The cricketer also gave generously for charitable works, building 1,024 homes across villages in the Northern Province which was badly affected in the 2004 tsunami.

However, despite his charity, Mario Arulthas points out that Muralidaran did not merely keep silent about the violence against the Tamil people, he helped whitewash it. And that's what people are angry about.

"I don’t think many were expecting him to come out and agitate for Tamil rights. Any such action would have cost him his career - which also says a lot about how “united” the country is. But he chose to say that Tamil war victims were misleading David Cameron (the then PM of the United Kingdom). He chose to say that everyone was safe in the country while Muslims were being attacked in Kandy. He chose to endorse the Rajapaksas during the election. It’s his involvement in the whitewashing of the state’s horrendous crimes during the war that has frustrated people. If those are his convictions, then others have every right to critique them," he says.

Muralidaran’s politics

Even though the producers of the film, DAR Pictures and Movie Train Pictures, said that the film would focus on sport, the motion poster suggested that the civil war would be in the backdrop. And it cannot be otherwise. It is a well-documented fact that Muralidaran's family was persecuted by anti-Tamil mobs in the 1970s. His father was hacked in the violence.

But, in interviews, Muralidaran has insisted that despite these events, he did not grow to resent the Sinhala people.

“They (helpful Sinhalese) came and stopped the crazy people (furious mob) before they killed us. We never forgot that. We rebuilt them (home and factory) and moved on. That was our family way. We are businessmen, not politicians,” the off-spinner once told popular cricket writer Peter Roebuck in an interview.

Muralidaran told Roebuck that the situation became normal for him after 1983, particularly after he moved to a hostel for studies. There, he lived with students from both communities - Tamil and Sinhala.

Over the years, Muralidaran and his family developed close ties with the Rajapaksas and shared an amicable relationship with them. However, a majority of the Sri Lankan Tamils hold the Rajapaksa duo responsible for the genocide against their people. Muralidaran’s brother, Muthiah Prabhakaran, was Sri Lanka Podujana Peramuna (SLPP)’s candidate from the Nuwara Eliya District in the 2020 Parliamentary elections. The Rajapaksas belong to the same party.

In his letter addressing the controversy, Muralidaran had claimed that his comment about 2009 being the best year of his life was twisted. He said that all he meant was that he was happy that the war had ended. But, the anger against him is not over the lone statement. Muralidaran was actively involved in his brother’s campaign and in his campaign speeches, he had made several statements vehemently endorsing the Rajapaksas. He had even shared the stage with a controversial, extreme right-wing Sinhala politician, Wimal Weerawansa, who had advocated banning the Tamil version of the Sri Lankan National Anthem. 

Muralidaran had said that it was at the behest of the Sri Lankan President, Gotabaya Rajapaksa, that he had requested his brother to contest elections from an SLPP platform. “Even though I am not interested in politics, based on the request made by the President, I am introducing my brother to represent the upcoming General Election,” NewsWire had quoted him in July, 2020.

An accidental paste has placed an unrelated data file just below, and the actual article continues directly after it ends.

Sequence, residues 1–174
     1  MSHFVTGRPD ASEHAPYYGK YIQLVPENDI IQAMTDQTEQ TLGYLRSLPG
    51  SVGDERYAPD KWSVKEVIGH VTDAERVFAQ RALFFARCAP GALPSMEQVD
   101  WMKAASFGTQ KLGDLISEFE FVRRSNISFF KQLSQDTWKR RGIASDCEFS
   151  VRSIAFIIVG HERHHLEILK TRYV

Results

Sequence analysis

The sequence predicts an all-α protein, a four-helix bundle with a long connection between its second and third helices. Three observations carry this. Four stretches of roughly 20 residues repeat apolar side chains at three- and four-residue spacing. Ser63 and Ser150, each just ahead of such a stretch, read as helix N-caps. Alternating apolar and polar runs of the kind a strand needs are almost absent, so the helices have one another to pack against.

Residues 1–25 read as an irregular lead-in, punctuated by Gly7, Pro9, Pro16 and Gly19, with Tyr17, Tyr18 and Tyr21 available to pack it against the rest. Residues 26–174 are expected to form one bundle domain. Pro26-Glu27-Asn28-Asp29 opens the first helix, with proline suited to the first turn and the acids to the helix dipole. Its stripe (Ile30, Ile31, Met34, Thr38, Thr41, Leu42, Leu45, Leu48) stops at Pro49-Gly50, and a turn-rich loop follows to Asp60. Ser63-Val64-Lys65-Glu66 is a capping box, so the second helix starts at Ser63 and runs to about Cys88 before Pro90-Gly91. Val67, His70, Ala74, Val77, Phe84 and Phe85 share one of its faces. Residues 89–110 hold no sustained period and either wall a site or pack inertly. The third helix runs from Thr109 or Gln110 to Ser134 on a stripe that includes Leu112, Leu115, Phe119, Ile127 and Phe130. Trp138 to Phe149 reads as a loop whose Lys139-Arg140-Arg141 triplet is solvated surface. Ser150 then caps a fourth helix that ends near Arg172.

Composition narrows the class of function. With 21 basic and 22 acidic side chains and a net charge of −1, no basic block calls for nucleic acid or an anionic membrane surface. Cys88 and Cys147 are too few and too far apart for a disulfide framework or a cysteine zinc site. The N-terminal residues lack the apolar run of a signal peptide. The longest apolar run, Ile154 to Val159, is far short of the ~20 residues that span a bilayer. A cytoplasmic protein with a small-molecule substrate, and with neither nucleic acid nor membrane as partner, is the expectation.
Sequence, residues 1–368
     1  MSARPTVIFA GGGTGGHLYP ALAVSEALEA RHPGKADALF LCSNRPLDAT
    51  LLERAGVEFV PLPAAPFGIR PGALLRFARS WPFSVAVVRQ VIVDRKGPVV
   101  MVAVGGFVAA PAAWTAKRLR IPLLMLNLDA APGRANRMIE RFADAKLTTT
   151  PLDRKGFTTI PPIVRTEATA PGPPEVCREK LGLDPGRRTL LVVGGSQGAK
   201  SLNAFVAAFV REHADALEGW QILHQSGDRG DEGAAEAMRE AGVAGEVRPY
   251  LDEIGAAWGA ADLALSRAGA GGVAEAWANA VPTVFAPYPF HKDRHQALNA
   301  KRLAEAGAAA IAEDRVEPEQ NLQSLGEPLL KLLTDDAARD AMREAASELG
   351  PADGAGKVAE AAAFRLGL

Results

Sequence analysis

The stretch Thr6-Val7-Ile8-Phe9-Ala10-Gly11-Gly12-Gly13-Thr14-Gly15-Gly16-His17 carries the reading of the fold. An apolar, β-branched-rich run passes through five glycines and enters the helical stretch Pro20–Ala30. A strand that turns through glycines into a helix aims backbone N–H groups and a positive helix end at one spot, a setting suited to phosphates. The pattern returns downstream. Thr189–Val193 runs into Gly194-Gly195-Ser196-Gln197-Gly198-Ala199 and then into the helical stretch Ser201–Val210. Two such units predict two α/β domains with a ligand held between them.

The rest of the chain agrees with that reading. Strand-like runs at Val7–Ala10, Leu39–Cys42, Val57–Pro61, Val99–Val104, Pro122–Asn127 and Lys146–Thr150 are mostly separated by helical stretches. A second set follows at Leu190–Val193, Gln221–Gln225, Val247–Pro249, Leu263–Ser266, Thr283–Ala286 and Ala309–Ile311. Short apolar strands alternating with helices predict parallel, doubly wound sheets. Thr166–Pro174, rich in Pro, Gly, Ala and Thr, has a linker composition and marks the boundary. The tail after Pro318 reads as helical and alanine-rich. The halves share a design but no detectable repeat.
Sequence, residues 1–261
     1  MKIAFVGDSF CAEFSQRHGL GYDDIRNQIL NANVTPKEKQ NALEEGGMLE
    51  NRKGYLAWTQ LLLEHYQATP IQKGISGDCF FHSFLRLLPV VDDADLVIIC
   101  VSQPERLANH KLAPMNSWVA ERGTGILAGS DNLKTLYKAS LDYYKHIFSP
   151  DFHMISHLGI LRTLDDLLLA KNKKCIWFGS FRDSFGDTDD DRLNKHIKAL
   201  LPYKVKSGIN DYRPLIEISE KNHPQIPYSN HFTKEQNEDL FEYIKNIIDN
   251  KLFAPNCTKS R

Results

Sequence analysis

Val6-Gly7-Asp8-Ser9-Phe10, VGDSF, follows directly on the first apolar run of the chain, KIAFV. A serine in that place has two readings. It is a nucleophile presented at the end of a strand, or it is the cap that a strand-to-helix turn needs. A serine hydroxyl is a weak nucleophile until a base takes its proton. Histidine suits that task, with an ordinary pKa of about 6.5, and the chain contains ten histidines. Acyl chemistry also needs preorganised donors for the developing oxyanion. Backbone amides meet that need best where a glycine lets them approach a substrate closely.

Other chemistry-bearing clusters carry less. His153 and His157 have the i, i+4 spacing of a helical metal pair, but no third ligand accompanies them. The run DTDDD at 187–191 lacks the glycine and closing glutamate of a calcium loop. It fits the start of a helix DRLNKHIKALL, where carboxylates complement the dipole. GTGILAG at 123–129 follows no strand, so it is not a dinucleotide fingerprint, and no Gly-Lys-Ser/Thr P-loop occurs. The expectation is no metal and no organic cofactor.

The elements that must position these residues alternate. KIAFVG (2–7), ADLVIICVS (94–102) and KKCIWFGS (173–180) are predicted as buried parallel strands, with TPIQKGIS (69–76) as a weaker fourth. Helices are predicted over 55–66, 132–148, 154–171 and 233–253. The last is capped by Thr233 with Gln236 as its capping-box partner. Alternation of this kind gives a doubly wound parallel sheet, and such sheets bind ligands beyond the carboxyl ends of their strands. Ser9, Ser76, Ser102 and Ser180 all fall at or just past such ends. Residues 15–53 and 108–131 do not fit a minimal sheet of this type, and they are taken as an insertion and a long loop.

In the past too, Muralidaran's multiple statements ratifying the Rajapaksas have earned him a reputation of being ‘too close to the Sinhala oppressors.’

A Tamil activist and journalist based in Colombo tells TNM that during his years as part of the Sri Lankan cricket team, till 2009, Murali was accused by the Tamils of being silent on the crimes against Tamil civilians. But in the last decade, he has made statement - and his statements have been even more problematic.

“Today he says his family faced violence, but he still has openly said there has been no genocide. This is an insult to hundreds of thousands of families that suffer. He opposed Tamil Nadu politicians speaking for our rights and said that the country should be ruled by the Rajapaksa family. This is why many feel he is a collaborator," says the journalist.

Muralidaran's roots are, in fact, in Tamil Nadu. Muralidaran's grandfather, Periyasamy Sinasamy, had migrated to Sri Lanka from Tamil Nadu in the 1920s to work in the plantations in central Sri Lanka. His father, Sinnasamy Muthiah, is now a successful businessman who runs biscuit manufacturing factories in Kandy. But despite Muralidaran's ancestry, no political party from Tamil Nadu has come forward to support him in the biopic controversy. Not only because this would be a political misfire, but also because Muralidaran has, in the past, distanced himself from political parties in the state.

In December 2019, in an interview to Hindustan Times Muralidaran had said: “Tamil Nadu politicians do not understand the problems of Sri Lankans. They should allow our government to get on with governance. I support President Rajapaksa because he is the right person to lead our country.”

Though Vijay Sethupathi has left the project, Muralidaran has expressed hope that the film will still be made. It seems unlikely that anyone from the Tamil film industry will be ready to sign the project, given the backlash and controversy.

Senior journalist Rohini Mohan, author of The Seasons of Trouble: Life Amid the Ruins of Sri Lanka's Civil War, says, "Muralidaran is a sportsman, not a politician. As a minority targeted in Sri Lanka, he should not have to defend his decisions and silences to Tamil nationalists wanting outspokenness whatever the consequences. Bravery is a gift, not a template response. Whatever Murali's legacy, it could have been addressed in the movie."

Muralidaran critics like Mario Arulthas are however of the view that the movie would not have addressed the flaws. "It is a shame that Muralidaran's extraordinary cricketing achievements and incredible life story are completely undermined by his politics. A biopic that truly reflects his life and Sri Lanka for what it is, would be welcome," he says.